Senate braces for conservative debt deal drama of its own
Kevin McCarthy and Joe Biden achieved what once looked improbable: A bipartisan deal to raise the debt ceiling. Now any one senator has the leverage to bring the country right to the brink of default.
After the Houses planned Wednesday vote to raise the debt ceiling through 2024, the Senate will have only days before the June 5 deadline. And Senate leaders may have to do procedural acrobatics to clear the bill through their chamber in time to keep financial markets and everyday Americans comfortable.
If somebody used every procedural motion, we wouldnt even be done by June 5, said Sen. Debbie Stabebow (D-Mich.), the No. 3 Democratic leader, who supports the deal. Anyone who runs this out just to be an obstructionist, I think would be extremely irresponsible.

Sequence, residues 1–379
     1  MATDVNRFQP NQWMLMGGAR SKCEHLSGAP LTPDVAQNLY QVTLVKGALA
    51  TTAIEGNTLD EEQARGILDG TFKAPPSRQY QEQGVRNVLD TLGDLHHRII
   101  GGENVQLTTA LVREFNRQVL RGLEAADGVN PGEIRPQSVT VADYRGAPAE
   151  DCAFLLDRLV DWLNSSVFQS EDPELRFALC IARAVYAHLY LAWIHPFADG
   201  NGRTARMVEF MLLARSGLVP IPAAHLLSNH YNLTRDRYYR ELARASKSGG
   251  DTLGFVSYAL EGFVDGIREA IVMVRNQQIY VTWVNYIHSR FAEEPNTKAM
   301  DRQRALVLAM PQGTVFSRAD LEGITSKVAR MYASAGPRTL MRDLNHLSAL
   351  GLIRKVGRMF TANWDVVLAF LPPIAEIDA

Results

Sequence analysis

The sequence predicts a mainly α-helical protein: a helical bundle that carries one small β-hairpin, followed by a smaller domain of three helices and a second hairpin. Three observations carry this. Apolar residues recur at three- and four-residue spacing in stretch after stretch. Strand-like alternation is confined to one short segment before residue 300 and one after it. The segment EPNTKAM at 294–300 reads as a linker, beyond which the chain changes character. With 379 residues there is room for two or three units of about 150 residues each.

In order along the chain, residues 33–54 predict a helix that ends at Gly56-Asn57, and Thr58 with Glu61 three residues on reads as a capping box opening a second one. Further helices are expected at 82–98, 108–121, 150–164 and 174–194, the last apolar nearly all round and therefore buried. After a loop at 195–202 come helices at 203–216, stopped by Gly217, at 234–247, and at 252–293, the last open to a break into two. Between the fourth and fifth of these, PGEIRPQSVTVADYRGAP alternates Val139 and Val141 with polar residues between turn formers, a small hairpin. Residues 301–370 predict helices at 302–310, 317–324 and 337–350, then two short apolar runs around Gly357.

Stabenow, like many senators, foresees some Senate magic as the weekend gets closer and senators want to go home. But it could be a bumpy ride: Due to the quirks of the upper chamber, individual senators can drag out a bill for roughly a week, as all 100 members must agree in order to fast-track legislation.